As a child Hester Wyatt escaped slavery, but now the dark skinned beauty is a dedicated member of Michigan’s Underground railroad, offering other runaways a chance at the freedom she has learned to love. One of her fellow conductors brings her an injured man to hide, the great conductor known as the “Black Daniel”, but Hester finds him so rude and arrogant she begins to question her vow to hide him.
When the injured and beaten Galen Vachon awakens in Hester’s cellar he is unprepared for the feisty young conductor providing his care. As a member of one of the wealthiest free Black families in New Orleans, Galen has turned his back on the lavish living he is accustomed to in order to provide freedom to those enslaved in the south. However, as he heals he cannot turn his back on Hester Wyatt.
This is one of Jenkins’ best loved historical romances for a reason – it starts off with a bang and I was hooked from the start. In the last third I started losing interest, but that probably has more to do with me than the book.
- I was all in from the start. Hester’s life story riveting, and I love the look at the abolitionist movement in Michigan.
- Everything is well researched and there’s tons of history here. I learned so much about not only what life was like in this particular time and place, but the laws and events that shaped the era.
- Racism is a big topic, of course, but Jenkins also dives into prejudice within the Black community at the time and a bunch of other spoilery complexities.
- There are lots of side characters that we get to know and love, from servants and neighbors to random people in town.
- The writing is solid, and I would expect nothing less from Jenkins.
- Hester is a strong woman with a sharp tongue and it’s wonderful watching her do her thing, from helping someone break out of jail to bantering with the hero.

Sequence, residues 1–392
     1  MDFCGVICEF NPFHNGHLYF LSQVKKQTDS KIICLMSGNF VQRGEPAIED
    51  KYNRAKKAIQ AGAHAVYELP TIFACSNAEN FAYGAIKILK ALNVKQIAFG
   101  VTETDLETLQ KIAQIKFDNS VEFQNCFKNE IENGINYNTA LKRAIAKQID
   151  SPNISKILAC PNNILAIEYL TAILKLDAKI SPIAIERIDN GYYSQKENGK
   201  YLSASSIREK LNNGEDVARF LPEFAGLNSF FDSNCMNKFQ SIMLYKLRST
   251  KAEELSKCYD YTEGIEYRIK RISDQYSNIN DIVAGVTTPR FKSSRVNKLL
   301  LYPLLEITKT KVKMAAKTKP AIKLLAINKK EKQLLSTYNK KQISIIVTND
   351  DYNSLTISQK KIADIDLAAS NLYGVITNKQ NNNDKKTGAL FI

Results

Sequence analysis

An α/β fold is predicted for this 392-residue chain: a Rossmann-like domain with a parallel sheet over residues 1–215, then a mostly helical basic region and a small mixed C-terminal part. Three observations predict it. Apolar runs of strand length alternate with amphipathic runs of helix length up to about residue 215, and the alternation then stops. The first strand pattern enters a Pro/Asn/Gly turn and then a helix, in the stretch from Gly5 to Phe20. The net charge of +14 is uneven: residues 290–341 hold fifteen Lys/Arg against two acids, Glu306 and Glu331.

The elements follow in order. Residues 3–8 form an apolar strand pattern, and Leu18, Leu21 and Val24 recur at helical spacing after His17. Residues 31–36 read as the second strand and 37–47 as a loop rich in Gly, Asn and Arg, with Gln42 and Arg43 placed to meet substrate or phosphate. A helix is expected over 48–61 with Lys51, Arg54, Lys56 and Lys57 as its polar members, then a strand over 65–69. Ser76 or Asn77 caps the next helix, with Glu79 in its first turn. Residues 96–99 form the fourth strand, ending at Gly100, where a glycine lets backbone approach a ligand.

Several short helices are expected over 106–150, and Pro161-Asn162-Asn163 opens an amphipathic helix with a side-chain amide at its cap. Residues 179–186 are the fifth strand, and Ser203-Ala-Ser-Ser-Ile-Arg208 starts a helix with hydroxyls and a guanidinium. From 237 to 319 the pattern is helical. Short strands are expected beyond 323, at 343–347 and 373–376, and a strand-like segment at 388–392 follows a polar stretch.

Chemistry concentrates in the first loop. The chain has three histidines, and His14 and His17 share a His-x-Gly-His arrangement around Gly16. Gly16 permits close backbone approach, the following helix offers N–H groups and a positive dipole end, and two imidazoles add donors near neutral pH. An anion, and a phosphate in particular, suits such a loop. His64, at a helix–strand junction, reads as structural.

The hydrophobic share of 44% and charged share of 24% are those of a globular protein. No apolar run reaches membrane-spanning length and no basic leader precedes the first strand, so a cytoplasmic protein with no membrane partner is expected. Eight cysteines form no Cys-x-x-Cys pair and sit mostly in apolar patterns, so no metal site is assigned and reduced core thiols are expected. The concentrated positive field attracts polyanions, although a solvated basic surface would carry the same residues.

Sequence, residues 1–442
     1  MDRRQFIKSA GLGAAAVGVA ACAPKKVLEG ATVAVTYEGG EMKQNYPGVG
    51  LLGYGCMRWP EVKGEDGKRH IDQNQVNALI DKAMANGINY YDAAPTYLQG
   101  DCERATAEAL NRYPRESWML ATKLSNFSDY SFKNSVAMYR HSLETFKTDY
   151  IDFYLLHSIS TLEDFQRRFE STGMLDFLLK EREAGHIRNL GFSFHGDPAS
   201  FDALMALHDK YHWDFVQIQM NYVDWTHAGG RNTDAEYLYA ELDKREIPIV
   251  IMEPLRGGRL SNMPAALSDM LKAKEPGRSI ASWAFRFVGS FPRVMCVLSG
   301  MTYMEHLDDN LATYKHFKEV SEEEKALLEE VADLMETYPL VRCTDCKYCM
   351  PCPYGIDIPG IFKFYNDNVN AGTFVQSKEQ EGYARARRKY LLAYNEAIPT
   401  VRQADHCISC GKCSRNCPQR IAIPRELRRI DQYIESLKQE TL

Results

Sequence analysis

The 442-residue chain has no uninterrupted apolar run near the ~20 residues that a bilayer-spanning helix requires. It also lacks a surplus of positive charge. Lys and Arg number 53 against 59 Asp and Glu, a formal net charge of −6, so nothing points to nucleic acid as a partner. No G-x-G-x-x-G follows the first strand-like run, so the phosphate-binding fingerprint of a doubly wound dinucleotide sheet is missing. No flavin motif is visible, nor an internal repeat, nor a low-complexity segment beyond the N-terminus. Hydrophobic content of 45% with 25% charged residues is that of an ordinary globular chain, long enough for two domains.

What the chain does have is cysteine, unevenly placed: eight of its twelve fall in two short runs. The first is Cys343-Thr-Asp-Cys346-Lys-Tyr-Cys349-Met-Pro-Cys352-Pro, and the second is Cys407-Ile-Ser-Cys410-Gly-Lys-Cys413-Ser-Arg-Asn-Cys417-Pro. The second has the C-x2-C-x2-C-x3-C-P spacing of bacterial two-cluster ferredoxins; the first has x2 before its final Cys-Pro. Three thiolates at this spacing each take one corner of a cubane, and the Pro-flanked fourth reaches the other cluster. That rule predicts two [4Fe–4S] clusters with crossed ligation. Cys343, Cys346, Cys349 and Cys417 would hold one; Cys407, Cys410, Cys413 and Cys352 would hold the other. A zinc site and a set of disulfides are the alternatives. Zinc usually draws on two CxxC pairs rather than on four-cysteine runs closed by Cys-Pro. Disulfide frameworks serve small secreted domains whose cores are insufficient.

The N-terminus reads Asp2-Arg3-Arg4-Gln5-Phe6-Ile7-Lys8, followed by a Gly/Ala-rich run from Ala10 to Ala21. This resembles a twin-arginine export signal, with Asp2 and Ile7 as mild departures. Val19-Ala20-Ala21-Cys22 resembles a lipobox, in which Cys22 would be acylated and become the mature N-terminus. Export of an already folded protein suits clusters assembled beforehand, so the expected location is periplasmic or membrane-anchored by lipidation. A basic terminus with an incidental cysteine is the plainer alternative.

- Galen is awesome with for consent… until he isn’t.
- This book reminded me of Night Hawk in that the plot isn’t a solid arc. There’s one concern with a slave catcher that drives most of the conflict but it’s forgotten for chapters at a time so people can move from place to place or hold a fundraising fair. It’s not bad, but go in expecting episodic narrative interspersed in the main plot.
- As the romance evolved it got into some not-for-me tropes. There’s the virgin who has sex not knowing it may make her pregnant, and the hero who showers the heroine in luxurious gifts that she doesn’t want and fill up entire rooms.
- And the claim that he was able to have dozens of dresses made because he’s felt her up enough to figure out her measurements? I’m not buying it.
- Late in the book Galen takes away Hester’s agency in a very public way that she is unable to fight against. All the side characters are like, “I’m so mad for you! I can’t believe he did that! You must be so mad!” which helps, but she forgives him in less than 24 hours because love, I guess.
If you’re interested in reading Indigo I urge you to check out Wendy the Super Librarian’s review. She talks about it way more intelligently than I can manage at the moment and makes some amazing points about the loose-ish plotting not being a fault because Jenkins is writing what she calls a “community based romance”. Her insight has given me a lot of food for thought so go read that review to soak it in.
All in all a gangbusters beginning fell flat at the end for me but there is still so, so much to recommend this book. 3.5 stars.